George W. Bush and the era of ‘don’t do stupid stuff’ foreign policy

Biden’s Americanism

Two effects of World War II defined the geopolitical circumstances for most of the decades following. One was that, to mark the war’s 70th anniversary, the United States moved swiftly and unilaterally to fight on, and also burnish its credentials as a world power. This involved a hostile buildup of naval and air forces as part of the postwar New World Order, and U.S. commitment to an anti-German and anti-Soviet nuclear triad. This meant, at least in part, that President Harry Truman developed something of a cowboy image, visiting gold mining, farming and snake-handling states in pursuit of his “New Freedom.” Thus did a new president first give the world what it wanted: Gold and the bomb.

The second postwar era of U.S. dominance was more restrained. Washington and its allies became aware of the amount of Soviet land, air and naval power in Eastern Europe, while Red Army troops held sway in the region. On Jan. 29, 1951, after the Red Army moved up to a predetermined crossroads at Leningrad, the West backed the Russian occupation in an attempt to prevent a full-blown Soviet army offensive. Washington also declared that the Soviet Union was an “unfriendly and expansionist power.” But for the most part this was a semi-unified and relatively stable world after the Second World War.

That changed in the 1970s. As a U.S. foreign policy neophyte, President Jimmy Carter embraced a strategy of containment that hoped to limit Soviet expansion and expansionist ambitions. Diplomacy and international law were part of this strategy. On Oct. 3, 1979, the Carter administration announced the lifting of the U.S. trade embargo on Cuba.

Carter administration officials argued that many foreign-policy goals took priority over the ban, such as preventing internal instability and securing Cuba’s noncooperation in drug trafficking. Yet even the cold-war-era senator has admitted in recent years that its impact on counterrevolutionary politics in Cuba was “negligible”: even Fidel Castro’s top supporters were apparently not above comparing their commitment to their leader to that of a lesser poet: “They were willing to sacrifice themselves for their leader,” a top adviser told George W. Bush in 2003.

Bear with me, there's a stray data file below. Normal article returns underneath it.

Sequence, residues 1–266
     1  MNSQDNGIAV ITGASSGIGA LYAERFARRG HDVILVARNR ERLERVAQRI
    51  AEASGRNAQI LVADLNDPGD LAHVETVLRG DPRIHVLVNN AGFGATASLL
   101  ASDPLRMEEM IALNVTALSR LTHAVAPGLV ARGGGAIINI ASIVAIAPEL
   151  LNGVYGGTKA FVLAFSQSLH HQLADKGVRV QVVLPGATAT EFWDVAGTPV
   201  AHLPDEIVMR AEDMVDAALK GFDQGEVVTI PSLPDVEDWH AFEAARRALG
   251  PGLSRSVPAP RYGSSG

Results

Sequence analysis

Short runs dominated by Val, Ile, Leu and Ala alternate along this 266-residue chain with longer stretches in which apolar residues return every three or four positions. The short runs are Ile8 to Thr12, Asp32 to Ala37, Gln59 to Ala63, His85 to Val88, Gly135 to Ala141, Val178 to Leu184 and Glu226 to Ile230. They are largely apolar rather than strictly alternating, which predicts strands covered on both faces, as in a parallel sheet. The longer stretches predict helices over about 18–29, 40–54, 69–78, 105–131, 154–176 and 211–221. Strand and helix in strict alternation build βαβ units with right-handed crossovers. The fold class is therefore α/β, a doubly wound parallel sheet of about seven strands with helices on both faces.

In short, Carterism was about playing by the rules, no matter how unfulfilling they might be, in the hope that they might someday be changed. The subsequent years saw revolutionary movements sweep across eastern Europe. Fidel Castro died in 2006.

President Obama’s internationalist, less linear approach

Over the last seven years, President Obama, a more robust New Englander than most Democrats, has abandoned some of his predecessors’ approaches to foreign policy. The administration has suspended some sanctions on Russia and has refused to engage in a military confrontation with Tehran.

The most striking departure, however, was the Middle East.

In his 2008 campaign, Obama demanded Iran’s retreat from Iraq and promised that Washington would encourage “freedom and moderation” in Tehran. But his early and rocky relations with Israeli Prime Minister Benjamin Netanyahu continued and Obama soon broke with some of President Bush’s previous thinking, echoing Israeli complaints that Iran did not threaten the United States. In his 2010 speech in Cairo, Obama promised a new tone in Middle East affairs. He seemed to back off that very night when he declared, “This is a moment of change in the Middle East that will determine the future of the entire world.”

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